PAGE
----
Wrap & turn is not, as it turns out, a dance move … it’s actually a solution to a cosmetic problem.
When you stop knitting before the end of a row, turn your work around, and knit back, you have worked a short row.
Short rows are used to make curves in your fabric. If you work more rows back and forth over one section of fabric, that section will be longer than the sections on either side of it. In this swatch, I’ve worked more rows in the middle.
Short rows are used for sock heels, to create curved hems, to improve neckline fit, and to add bust shaping to garments. They also appear in shawl patterns, often to offset stripes.
In each case, what’s happening is that you work to a certain point in the row or round—before the end—stop, and turn back. But as you can see in this swatch, where I’ve worked a few more rows over this previous sample, it’s a mess. There are two problems … there’s a gap created at the turn point, but also the stitch on the right-hand side of the turn point is sloppy.
The gap happens because the last stitch of that not-fully-worked-and-therefore-short row gets pulled towards its friends, away from the place in the row where the knitter stopped and turned back, creating a separation in the fabric.
The sloppiness happens for the same reasons that all edge stitches are a little inconsistent: when you work the same stitch twice in succession, the lower one tends to tighten up, and the upper one gets loose. That stitch is exactly the same as a stitch on the edge of a piece of knitting.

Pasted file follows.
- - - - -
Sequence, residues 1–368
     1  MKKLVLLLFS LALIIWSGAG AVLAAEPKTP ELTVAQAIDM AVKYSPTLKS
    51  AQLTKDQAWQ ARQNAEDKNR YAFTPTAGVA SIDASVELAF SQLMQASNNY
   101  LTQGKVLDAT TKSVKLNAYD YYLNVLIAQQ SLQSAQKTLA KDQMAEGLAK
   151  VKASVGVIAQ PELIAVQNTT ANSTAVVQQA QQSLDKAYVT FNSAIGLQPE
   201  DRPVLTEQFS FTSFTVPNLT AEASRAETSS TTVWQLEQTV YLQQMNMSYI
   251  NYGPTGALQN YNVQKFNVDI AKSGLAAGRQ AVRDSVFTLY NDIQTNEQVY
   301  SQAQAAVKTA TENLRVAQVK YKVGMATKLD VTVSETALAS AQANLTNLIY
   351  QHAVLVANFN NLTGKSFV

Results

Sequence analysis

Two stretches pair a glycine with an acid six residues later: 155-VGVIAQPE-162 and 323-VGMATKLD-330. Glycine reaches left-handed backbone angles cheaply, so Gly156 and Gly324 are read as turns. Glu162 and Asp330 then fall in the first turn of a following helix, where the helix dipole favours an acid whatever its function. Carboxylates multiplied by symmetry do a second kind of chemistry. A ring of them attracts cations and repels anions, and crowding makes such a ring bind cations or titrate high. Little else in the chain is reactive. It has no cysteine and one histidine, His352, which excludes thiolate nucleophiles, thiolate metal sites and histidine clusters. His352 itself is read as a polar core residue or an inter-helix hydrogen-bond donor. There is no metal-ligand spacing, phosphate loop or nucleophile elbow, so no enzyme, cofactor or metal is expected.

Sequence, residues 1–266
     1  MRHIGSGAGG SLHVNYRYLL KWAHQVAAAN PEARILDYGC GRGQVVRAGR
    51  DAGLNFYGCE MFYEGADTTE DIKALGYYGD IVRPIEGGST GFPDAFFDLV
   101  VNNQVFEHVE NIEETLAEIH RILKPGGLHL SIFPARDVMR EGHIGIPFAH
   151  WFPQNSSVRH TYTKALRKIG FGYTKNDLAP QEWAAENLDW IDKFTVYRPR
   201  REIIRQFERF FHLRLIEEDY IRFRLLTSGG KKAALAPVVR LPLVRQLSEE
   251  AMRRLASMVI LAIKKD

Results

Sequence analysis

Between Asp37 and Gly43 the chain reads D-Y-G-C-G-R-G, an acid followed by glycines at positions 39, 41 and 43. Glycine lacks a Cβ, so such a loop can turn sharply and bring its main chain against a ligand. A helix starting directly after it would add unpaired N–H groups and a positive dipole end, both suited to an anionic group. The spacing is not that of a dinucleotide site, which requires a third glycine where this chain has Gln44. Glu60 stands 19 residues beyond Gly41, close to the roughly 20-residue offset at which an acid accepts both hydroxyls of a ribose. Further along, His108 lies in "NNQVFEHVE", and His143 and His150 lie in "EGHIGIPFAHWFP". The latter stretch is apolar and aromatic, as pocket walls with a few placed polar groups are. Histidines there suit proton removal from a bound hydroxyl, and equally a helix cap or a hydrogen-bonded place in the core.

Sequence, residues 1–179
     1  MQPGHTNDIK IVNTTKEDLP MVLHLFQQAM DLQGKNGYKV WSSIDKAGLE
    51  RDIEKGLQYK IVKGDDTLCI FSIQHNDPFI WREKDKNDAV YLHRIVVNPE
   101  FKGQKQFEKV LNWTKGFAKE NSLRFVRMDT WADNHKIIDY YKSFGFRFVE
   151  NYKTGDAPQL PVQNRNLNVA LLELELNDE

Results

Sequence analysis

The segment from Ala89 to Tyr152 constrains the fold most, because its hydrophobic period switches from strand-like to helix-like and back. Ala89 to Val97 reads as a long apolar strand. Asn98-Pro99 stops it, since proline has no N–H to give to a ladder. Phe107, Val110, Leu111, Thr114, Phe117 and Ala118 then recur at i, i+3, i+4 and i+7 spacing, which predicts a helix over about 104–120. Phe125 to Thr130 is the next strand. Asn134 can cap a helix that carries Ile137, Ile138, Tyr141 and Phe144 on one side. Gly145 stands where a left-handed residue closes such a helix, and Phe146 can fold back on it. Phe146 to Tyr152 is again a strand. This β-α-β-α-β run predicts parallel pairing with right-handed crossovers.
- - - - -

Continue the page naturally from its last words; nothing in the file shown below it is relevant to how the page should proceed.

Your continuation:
You hear various techniques described as “Short Rows”: wrap & turn, Japanese, yarnover, German, and Shadow. They’re all different solutions for making the transition between sections look better. We could be referring to them as “Techniques For Making Short Rows Less Gappy,” but that’s far too big a mouthful.
Let’s take a look at differences in how the various methods look and at how they work.
What’s Going On
There are two steps to these methods.
The first step is required when you do the actual turn: you make a wrap or yarnover, or place a pin, or create a doubled or shadowed stitch. Sometimes this Funny Business is done before you turn, sometimes after, but it always happens at that turn point.
The second step happens when knitting over the turn point. In essence, if knitting/purling the stitch and its associated Funny Business normally make it look worse than if you were to just do an unmodified short row turn, then there’s a step required to hide it. (For the German and Shadow methods the hiding happens automatically, which is a big part of their appeal.)
Which To Use Where
Which one works best for you depends on two things: how easy you find it to work each method, and how the results look. The key difference is whether the results are visible from the wrong side. Wrap & turn, Japanese, and Yarnover have clear “good” and “bad” sides, and so are better suited to fabrics where the wrong side won’t be seen.
For a fully reversible fabric where both sides will be seen, German or Shadow methods generally produce the best results. When working reversible garter stitch, you can also try wrap & turn, but without working/hiding the wraps.
Try different methods out on your project swatch and feel free to substitute the method you prefer.
To make a substitution, as long as you know where the turn point is, you’re golden.
Armed with this knowledge, go forth … and stop short!